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Archive for March, 2007

Progress Report, in which I invite my muse over for a chat

5800 words on Petra last week, bringing my total up to 38K.

 
I finally managed to escape that first act–which, as you may recall from last week’s exciting installment, was getting quite bogged down.  It was such a relief to limp past that particular hurdle.  Now, things are looking up.  The following chapter, nearly complete, flowed pretty well.  Made me feel like a writer again.
 
Last week, I had expressed some frustration with this whole “write as fast as you can” thing, since I was convinced I was writing crap.  But it occurs to me that it’s possible to write crap slowly, too.  (I should know; I’ve been doing it for better than fifteen years now.)  So I could have used my old process to slog through the end of that opening act, agonizing over line edits, staring at the monitor, engaging in avoidance behaviors . . . and it would have taken me a month instead of a week, and it probably still would have been tripe.  Instead, I just bulled my way past it, which is what I would have done eventually, anyway.
 
Lesson learned.  I hope.
 
Anyway, now we’re into the second act.  I took a glance ahead, and perceived . . . uh, nothing.  I knew what was going to happen in the next chapter, the one I’ve nearly finished, and after that, I had only vague hints, with still no sign of an ending.  This struck me as a problem.  I don’t outline, per se, but I knew I needed something a bit more concrete than what I had.  It wasn’t that I had written myself into a corner, with no way out.  Rather, I had a wide range of choices–way too wide.  All kinds of conflicts and loose ends.  The story could have gone in a number of different directions.  And that amounts to the same thing, really, as writing yourself into a corner.  So while I had a few moments, I decided to sit down yesterday and have a chat with my muse, see if we could work it out.
 
And what do you know, she was amazingly forthcoming.  As if she’d been waiting for me to ask.  She told me all about this secondary character who is about to become very important to the plot.  Then she dished about what’s going to happen in the second act.  She even let me in on–get this–the ending!  Which I thought was exceedingly generous of her.  Many details and fine points to work out yet, but that’s for me to discover on my own.  “Not a problem, boss,” I said to her.  “I’m on it.”
 
In all, a very pleasant visit.
 
I also took some time yesterday to update my marketing database and get a few mss back in circulation.  Harder to do when you’re working on a novel, but you can’t just let this stuff pile up.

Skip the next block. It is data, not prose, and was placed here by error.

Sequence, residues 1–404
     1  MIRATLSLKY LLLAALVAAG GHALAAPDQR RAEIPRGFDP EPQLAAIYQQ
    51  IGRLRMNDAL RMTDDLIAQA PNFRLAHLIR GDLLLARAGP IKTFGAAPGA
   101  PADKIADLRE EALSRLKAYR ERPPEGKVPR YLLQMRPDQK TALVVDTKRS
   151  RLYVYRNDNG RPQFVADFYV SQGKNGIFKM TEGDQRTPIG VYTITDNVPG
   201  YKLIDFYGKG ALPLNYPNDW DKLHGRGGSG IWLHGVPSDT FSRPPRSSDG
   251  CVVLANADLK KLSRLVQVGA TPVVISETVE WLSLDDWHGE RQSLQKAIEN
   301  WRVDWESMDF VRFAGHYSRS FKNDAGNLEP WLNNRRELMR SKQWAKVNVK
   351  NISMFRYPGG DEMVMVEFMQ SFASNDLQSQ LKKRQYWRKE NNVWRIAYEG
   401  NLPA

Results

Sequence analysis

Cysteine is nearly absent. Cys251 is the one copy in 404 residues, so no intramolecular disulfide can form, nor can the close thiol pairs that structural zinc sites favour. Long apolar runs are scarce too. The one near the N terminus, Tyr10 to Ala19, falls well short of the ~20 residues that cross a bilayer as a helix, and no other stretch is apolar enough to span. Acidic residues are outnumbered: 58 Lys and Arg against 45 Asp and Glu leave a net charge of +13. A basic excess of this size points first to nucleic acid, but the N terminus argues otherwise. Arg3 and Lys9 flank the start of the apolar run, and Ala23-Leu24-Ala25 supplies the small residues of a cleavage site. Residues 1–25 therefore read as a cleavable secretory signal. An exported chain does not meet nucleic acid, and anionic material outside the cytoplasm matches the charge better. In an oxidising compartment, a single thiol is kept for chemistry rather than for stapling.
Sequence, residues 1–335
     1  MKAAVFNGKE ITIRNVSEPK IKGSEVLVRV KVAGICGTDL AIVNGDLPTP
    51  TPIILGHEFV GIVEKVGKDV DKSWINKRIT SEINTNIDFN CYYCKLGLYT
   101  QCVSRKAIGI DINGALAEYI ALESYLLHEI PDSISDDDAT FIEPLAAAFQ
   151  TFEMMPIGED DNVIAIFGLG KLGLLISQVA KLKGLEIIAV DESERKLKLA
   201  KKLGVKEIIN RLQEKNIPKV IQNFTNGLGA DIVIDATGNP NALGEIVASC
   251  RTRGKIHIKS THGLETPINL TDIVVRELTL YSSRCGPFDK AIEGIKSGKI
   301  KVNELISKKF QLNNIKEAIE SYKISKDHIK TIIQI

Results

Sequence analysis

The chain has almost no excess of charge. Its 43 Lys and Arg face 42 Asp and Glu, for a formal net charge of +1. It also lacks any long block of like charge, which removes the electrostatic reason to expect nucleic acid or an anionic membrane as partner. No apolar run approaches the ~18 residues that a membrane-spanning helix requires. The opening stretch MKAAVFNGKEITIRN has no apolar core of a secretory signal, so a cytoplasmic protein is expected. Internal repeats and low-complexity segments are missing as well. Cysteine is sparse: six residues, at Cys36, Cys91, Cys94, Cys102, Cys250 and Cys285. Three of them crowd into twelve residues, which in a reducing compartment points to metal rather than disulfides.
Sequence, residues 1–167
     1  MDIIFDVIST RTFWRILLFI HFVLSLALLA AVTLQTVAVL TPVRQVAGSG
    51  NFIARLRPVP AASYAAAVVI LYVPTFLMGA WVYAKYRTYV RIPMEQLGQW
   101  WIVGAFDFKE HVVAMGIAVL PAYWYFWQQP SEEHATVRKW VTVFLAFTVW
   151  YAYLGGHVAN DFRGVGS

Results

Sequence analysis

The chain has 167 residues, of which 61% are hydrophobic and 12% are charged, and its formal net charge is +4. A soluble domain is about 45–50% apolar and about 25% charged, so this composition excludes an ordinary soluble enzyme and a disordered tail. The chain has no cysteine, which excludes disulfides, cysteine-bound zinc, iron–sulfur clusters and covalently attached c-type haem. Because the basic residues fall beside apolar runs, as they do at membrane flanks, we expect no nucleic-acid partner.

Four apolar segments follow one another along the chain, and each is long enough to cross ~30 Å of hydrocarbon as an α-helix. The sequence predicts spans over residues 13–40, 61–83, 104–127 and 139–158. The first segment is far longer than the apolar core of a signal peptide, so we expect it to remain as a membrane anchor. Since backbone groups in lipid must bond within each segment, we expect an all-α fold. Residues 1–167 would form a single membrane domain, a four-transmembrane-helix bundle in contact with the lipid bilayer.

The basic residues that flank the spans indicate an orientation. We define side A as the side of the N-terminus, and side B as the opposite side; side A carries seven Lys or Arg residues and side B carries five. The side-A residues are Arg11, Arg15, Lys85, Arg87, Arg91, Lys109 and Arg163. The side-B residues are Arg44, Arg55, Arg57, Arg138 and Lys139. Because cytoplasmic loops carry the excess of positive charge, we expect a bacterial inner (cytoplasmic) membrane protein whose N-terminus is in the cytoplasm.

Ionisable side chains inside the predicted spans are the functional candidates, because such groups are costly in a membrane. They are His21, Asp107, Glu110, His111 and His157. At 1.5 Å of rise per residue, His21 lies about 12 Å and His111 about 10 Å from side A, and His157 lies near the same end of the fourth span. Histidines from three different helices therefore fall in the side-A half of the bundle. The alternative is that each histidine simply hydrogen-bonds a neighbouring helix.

Write Club updates:
 
Analog bounced “The Multiplicity Has Arrived” with a tier one rejection.  Ouch.  I had grown accustomed to personal notes from Stan Schmidt.  I knew this story was a longshot, but hey, I had felt the same way about an earlier piece I sent him–and that one, even in rejection, had garnered glowing praise.  Response time, about a month.

A second follow-up to Weird Tales re “The Woman Who Hated Halloween” netted the response I was expecting:  the ms is lost.  Nearly eleven months wasted on that one.  But to her credit, Ann VanderMeer got back to me immediately.  My original follow-up, sent before she took over Fiction Editor duties, got no response at all.

And that’s it for now.  I’m outta here.

Put down your beverage . . .

. . . before reading this.

Just trying to save you from buying a new keyboard.

Progress Report, in which I feel a hot breath on my shoulder

“I am writing every day but, frankly, the copy stinks.  This novel may involve several rewrites, followed by a decent burial.”

–Robert Heinlein, in a letter to his agent, re Stranger in a Strange Land


Another 5100 words on Petra this week, bringing the total count to 32K.
 
I should be pleased with this.  I’m on schedule, at least with the word count.  And passing the 30K mark makes this my longest work of fiction since my first two novels.  But I’m not as far along in the plot as I would like to be.  I fear I’ve bogged the narrative down a bit.  I may be stalling because I have some doubts about the next scene–a big action sequence that closes out the first section of the novel. 

I know I’m supposed to be outrunning my editor brain here, but thoughts like the preceding indicate that it’s catching up to me.  These doubts smell suspiciously like my editor brain’s noxious breath.


I know, I know:  I’m the absolute worst person to judge my work.  I get it, really I do.  I mean, take a look at what Heinlein said up there.  I get it.  But . . .

Let’s not kid ourselves:  this novel ain’t no Stranger I fear this is going to be one ugly rewrite.  Part of me wants to scream, “What’s the point in writing the first draft quickly if you’re just going to spend three years revising the damned thing?!

 
No, no, no.  Get thee behind me, editor brain!  Back, I say!  Back! <whip crack>

Write Club update:
 
Personalized rejection from TOTU for “Ashes, Ashes.”  It was one of the final 30 or so stories, and had been recommended by a couple of staff readers, but Eric Heideman had a few problems that prevented the story from making the final cut.  He gave some nicely detailed feedback (handwritten, two pages) and said he’s willing to consider a rewrite for a future reading period.  Response time, almost five months.
 
And that’s all.  Gotta run.  Almost literally.  (Get back!  Back, I say!)